Aubrey Norton, newly elected leader of the PNCR is only ‘odd’ in the sense that he survived at or near the leadership of the PNCR for near thirty years, despite falling out with all the leaders under whom he served – Desmond Hoyte, Robert Corbin and David Granger. I know of no one else in Guyana’s politics who has managed such a feat. Because of the opacity of the PNCR’s politics, about which I remarked last week, the reasons for Mr. Norton’s failure to sustain the support of PNCR’s leaders are not known. The only certainty appears to be that he fought for his positions, made no compromises, prepared himself for the hits and took them courageously on the chin.
But Mr. Norton will soon learn that compromise is necessary for successful leadership. Known principally for his militant and aggressive anti-PPP postures, Guyana will continue to face political gridlock if leadership does not induce in Mr. Norton a more expansive vision. If he is creative enough, he will use his undoubted skills to negotiate concessions with sufficient finesse to make them palatable to the PPP and PNCR, without sacrificing principles. The potential is there. Many years ago, at his suggestion as General Secretary, the PPP and PNCR executives met together twice at their respective headquarters at Congress Place and Freedom House. It never happened before or after.
After the euphoria, hard questions remain. How does Mr. Norton plan to overcome the limitation on the capacity of the PNCR to win elections when it obtains only 40 – 42 percent of the votes in free and fair elections? Or how does he plan to reduce the PPP to below 50 percent? More immediately, how does he restore respect for the PNCR after the rejection of the No Confidence Motion and the attempted rigging of the elections? How does he retain the support of the African Guyanese middle class and of Mixed ancestry, when Robert Corbin could not? Promises for inclusive leadership, broadening the base, or exposing PPP’s alleged corruption, marginalization and discrimination, and now the rigging of elections, have been promised before. They have failed. The only policy that has not been tried is one that Mr. Norton supported in the late 1980s and early 1990s – shared governance.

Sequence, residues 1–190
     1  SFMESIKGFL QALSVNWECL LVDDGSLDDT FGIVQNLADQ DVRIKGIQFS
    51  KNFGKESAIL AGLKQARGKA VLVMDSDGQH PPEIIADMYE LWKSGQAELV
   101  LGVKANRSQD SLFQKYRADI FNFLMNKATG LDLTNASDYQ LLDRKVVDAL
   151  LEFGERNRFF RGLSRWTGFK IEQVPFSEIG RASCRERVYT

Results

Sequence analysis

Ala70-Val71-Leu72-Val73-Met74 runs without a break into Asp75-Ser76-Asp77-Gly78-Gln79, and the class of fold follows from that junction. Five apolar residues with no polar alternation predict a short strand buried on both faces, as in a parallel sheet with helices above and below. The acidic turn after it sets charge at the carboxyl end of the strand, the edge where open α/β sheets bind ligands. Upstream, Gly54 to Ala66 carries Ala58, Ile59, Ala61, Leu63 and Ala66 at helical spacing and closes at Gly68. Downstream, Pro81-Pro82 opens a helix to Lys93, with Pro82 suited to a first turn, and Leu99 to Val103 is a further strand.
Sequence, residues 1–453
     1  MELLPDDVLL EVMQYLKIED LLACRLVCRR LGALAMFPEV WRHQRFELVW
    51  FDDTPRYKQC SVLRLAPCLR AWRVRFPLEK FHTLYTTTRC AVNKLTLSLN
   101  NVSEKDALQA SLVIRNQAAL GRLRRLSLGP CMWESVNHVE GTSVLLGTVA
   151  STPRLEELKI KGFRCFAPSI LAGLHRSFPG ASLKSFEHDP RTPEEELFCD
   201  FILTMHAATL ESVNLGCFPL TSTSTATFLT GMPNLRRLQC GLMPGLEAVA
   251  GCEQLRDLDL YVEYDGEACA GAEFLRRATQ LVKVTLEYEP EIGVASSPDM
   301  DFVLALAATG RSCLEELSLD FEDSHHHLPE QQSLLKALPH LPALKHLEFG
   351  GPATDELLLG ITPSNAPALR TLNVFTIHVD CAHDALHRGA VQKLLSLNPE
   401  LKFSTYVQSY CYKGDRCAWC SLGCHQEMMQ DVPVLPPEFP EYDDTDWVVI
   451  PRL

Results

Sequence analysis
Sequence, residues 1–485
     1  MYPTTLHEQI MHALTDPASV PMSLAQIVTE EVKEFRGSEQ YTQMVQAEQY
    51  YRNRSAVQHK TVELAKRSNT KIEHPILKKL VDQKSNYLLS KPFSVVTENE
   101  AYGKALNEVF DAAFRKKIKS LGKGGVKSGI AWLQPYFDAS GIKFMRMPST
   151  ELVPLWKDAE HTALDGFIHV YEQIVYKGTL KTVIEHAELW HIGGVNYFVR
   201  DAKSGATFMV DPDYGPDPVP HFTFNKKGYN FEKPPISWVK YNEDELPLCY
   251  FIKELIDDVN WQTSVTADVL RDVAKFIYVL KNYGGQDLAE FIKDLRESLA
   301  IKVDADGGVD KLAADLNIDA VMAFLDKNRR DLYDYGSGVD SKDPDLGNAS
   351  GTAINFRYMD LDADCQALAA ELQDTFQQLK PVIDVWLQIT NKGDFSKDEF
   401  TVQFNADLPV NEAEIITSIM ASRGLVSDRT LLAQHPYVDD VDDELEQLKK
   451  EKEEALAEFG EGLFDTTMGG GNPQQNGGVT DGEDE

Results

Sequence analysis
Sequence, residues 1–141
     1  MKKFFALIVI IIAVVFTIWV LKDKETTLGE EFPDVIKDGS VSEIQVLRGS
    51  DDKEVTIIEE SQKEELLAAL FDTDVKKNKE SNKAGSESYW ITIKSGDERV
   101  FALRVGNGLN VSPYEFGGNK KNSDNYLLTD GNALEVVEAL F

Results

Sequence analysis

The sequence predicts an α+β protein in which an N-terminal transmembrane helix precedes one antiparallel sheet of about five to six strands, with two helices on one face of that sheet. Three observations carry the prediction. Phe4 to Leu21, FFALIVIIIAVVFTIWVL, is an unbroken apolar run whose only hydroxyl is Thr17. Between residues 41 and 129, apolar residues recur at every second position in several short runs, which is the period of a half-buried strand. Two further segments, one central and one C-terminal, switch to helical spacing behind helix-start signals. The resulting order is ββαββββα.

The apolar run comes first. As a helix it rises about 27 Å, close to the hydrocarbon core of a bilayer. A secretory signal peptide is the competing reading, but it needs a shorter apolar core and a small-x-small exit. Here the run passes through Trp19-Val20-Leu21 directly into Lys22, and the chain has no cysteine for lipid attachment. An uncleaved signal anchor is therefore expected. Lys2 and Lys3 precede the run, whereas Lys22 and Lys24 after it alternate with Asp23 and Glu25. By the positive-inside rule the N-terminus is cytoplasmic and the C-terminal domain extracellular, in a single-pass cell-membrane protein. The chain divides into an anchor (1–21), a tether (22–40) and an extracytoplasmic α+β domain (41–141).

The PNCR, like the PPP, has undergone significant changes. The PNCR’s founder, Forbes Burnham, created a movement dedicated to achieving and sustaining personal and political power, by any means necessary. His successor, Desmond Hoyte, sought to maintain PNCR power in the worst rigged elections in Guyana’s history in 1985. But he commenced Guyana’s economic recovery programme, albeit within the existing authoritarian structures, opened the economy and gave permission for SN to be established. With the restoration of democracy in 1992 and the end of PNCR rule, Hoyte’s turned his innovative and modernizing efforts to the PNCR. He discarded his feared deputy, Hamilton Green, decimated the left wing and brought in or promoted a wave of new leaders. Aubrey Norton was part of this wave.
But there were limits. After 1992, the animus against the PPP intensified to the level of anti-PPP hysteria, underlined by street violence, political violence and criminal violence. At the end of the 2002 post-election disturbances, Hoyte saw the futility of this approach and sat down with now VP, then President Jagdeo, to talk. The progress was short-lived. But in 2002, prompted by the failure of street violence of the past decade and internal PNCR pressures, he came out in support of shared governance, which he had resisted for years. For Desmond Hoyte, in 2002, to sit down and talk with his old nemesis, the PPP, and to embrace shared governance with it, could have been transformative. Norton witnessed all of this. Does he have anything new?
When Robert Corbin took over in 2003, Hoyte’s trajectory, which the PPP had failed to capitalize on, continued. But the two agreements between the PPP and PNCR under Corbin’s leadership also failed, not due to Corbin’s fault. The PPP just wasn’t, and likely still isn’t, ready. Then came the criminal terrorism emanating from Buxton that took centre stage and lasted until 2008. By 2011 PPP’s supporters had become jaded. Uninspired, they returned their party with a minority. Instead of seeking a coalition with the PNCR or AFC and thereby delinking one from the other, as any rational party anywhere in the world would do, the PPP foolishly decided to do battle on its own. It required no political acumen to predict the inevitable consequence. At the 2015 elections the APNU+AFC coalition inspired great hope with its proposals for constitutional reform, which would have ensured a permanent role for itself in governance. But it dropped, lost the elections and damaged its credibility along the way. It gave the opportunity to the PPP to capitalize on the oil economy.
This is the scenario that faces Aubrey Norton. He can rely on his anti-PPP militancy and wait for the inevitable, unproductive, results. In ten years or less, Guyana’s politics will be transformed by oil and the old shibboleths will fall away. Mr. Norton doesn’t have much time but he has the capacity and internal support to face his and his party’s existing and future challenges. But in watching his back, he needs to ask the following questions: Are the forces that influenced Hoyte’s change of posture in 2002 still active? If so, will they seek to influence Norton, or will they undermine him, as they did to Corbin? I wish him luck, and so should all Guyanese.